Structures

You might have seen some fancy words thrown around when it comes to tent structures. Here’s the run-down:

Geodesic: geodesic tents are about efficient strength, creating structures that can stand up to the worst weather. Typically constructed of multiple criss-crossed poles, geodesic tents distribute stress across the whole tent. This forms a stronger, more stable overall structure like in our Kangri, Zhota and Heksa. Strength and stability are super important for the ever changing nature of storms and winter weather.

Use it for: the worst weathers and environments

Semi geodesic: this broadly refers to freestanding tents, like our Ordos. To be freestanding, a tent must have poles that cross over themselves. Semi geodesic tents are super easy to pitch because you don’t have to peg it until you’re done – or at all! Because if the pegs fall out, it’ll still stand up. This keeps semi geodesic tents lightweight and strong. This balance between strength and weight is ideal for bikepacking and backpacking adventures.

Use it for: a reliable and solid pitch with a quick setup

Why will you be using the tent?

Tent by a road

We love tiny homes here at Alpkit. And we love taking our tiny homes with us. From bikepacking to backpacking, and running races to car camping, your “why” will tell you a lot about what tent you need.

Are you going for a more luxury holiday or a lightweight, long-distance challenge? How much livable space you want might determine how heavy your tent is.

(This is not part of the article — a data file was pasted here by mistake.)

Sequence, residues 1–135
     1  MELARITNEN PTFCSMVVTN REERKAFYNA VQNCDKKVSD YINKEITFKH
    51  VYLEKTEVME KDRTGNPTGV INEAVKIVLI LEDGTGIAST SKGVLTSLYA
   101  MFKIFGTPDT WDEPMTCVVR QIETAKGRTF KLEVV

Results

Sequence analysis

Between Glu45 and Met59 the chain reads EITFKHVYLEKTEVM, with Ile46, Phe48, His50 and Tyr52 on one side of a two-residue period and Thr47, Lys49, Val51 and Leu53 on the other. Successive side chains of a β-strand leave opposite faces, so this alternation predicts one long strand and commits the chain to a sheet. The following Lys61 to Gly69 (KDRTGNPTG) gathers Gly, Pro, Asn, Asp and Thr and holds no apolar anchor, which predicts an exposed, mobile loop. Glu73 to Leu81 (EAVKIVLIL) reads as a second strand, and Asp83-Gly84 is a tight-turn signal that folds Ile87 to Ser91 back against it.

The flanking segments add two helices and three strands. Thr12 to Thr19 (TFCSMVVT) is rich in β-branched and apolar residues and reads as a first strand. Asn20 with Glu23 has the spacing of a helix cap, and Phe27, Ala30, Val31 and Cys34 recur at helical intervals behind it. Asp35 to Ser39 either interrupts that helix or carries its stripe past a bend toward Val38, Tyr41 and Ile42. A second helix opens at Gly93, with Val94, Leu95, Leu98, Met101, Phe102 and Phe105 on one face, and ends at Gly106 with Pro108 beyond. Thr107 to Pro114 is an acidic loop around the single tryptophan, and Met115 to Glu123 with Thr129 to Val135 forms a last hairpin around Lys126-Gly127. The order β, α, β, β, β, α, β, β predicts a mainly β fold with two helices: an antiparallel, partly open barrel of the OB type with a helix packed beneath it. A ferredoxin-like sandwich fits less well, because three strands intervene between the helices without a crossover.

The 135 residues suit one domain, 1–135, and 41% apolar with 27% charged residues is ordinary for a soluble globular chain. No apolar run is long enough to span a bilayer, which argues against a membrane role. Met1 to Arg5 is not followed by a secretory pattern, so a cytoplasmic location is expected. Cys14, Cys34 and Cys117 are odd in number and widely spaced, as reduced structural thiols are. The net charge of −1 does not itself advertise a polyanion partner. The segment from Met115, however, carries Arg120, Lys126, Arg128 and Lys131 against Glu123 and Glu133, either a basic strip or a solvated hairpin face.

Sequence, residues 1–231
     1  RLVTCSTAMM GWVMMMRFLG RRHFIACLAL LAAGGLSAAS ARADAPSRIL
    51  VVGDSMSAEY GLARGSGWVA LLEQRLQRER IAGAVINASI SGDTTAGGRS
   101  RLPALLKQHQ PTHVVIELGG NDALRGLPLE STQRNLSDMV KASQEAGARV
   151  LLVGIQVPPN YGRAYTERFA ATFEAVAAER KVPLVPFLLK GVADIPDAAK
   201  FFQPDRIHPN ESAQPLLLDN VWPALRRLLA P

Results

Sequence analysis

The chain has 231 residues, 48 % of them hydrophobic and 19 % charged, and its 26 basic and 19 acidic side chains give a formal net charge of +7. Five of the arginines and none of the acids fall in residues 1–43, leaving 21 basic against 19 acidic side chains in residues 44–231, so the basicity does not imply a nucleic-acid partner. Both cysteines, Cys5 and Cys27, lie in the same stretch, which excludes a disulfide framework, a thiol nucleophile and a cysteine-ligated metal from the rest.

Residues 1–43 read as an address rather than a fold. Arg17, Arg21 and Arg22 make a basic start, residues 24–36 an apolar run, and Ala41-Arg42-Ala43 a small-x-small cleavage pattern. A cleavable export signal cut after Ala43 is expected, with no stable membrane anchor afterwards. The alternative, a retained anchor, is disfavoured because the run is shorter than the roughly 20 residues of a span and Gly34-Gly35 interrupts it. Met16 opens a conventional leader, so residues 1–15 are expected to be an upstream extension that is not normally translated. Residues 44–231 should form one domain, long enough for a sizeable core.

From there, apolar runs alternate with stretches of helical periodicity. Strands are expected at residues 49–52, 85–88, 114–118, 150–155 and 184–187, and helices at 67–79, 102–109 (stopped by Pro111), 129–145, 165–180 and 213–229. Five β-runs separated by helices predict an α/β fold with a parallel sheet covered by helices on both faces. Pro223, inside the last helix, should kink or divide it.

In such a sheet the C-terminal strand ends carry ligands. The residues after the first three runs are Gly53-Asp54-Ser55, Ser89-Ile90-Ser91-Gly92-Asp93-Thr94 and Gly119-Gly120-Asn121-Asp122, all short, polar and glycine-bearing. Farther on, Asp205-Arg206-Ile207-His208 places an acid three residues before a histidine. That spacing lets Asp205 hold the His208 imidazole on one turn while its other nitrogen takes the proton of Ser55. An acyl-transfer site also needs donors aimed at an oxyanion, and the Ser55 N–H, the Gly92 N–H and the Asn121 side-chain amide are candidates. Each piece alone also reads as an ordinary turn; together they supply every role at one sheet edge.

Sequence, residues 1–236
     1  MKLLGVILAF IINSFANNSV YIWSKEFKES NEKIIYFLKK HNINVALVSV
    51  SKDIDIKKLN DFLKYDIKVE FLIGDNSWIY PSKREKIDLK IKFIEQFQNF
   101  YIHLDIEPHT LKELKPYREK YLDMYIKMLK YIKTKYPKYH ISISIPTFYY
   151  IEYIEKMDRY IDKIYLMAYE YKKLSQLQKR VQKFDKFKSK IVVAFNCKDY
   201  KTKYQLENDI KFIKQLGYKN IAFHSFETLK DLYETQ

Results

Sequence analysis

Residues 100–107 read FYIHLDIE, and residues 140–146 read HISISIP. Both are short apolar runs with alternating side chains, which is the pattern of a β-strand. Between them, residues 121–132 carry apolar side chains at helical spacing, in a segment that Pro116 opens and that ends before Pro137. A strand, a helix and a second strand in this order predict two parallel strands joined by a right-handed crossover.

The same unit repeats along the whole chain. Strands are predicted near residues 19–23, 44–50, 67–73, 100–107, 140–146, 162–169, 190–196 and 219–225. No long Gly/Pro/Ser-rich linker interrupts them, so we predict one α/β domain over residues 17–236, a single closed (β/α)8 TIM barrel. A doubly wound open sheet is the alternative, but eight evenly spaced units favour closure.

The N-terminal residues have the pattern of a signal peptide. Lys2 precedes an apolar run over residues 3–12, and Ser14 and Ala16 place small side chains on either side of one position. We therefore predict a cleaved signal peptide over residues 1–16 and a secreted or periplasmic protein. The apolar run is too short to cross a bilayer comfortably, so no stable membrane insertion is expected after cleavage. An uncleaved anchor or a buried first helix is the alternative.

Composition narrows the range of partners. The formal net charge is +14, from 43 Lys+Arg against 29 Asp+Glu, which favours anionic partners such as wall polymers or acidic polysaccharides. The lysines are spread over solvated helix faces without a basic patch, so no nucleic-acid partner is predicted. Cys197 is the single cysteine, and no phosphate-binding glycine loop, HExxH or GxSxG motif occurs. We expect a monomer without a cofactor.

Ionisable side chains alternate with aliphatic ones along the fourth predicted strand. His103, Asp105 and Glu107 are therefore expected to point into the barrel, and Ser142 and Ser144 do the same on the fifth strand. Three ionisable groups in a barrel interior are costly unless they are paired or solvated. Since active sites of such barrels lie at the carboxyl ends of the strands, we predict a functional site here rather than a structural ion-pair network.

Side entry vs front entry

When you’re making yourself at home in your portable home, you need to consider the little-known art of tent feng shui (we’re just joking – well, maybe it’s a little bit important). Side entry tents are great for once you’re inside. You can lean out into the porch and sort your kit out. You can pop your shoes on under canvas cosiness. But they’re not the smoothest of entry options.

Front entry tents, on the other hand, are much easier to get into. But you pay a price for the ease of entry. You have a smaller porch, meaning your in-tent experience is a little more limited.

Inner vs outer pitch first

There’s a widely accepted belief in the UK that, if you’re camping, it’s going to rain. And if it’s going to rain, most campers want an outer pitch first tent. This means that you keep your stuff dry and get the main structure of your portable home ready first.

But inner pitch first tents are lighter, stronger and easier to pitch. They also create more living space, rather than erecting a structure and pinning something up inside it afterwards. As product designer Rowan says, you spend 60% of your time carrying the tent, 35% in the tent and less than 5% putting it up and taking it down. So, while there are some key differences between inner and outer first tents, how easy it is to put it up is a very small part of your camping experience.

Weight vs pack size

Putting your tent in between your handlebars is a whole different ball game to putting it in your boot. You need to decide what’s most important: pack size and shape, weight, or overall tent strength?

If you’re bikepacking and you’re planning on putting your tent in your handlebar bag, then pack size is going to be top of the list. However, pack size is typically dictated by pole length. And the shorter the poles are, the more hub points there are, making them heavier and much more likely to snap than bend. Or, go pole-less with our Polestar or Aeronaut tents!

Ever heard the saying: “variety is the spice of life”? Well, we think this is true for tent pack shapes. With a longer tent shape, you can pack the rest of your backpack around your tent, whilst maintaining flexural strength when pitched and a low weight when carrying.

Leave a comment

Please note, comments must be approved before they are published

=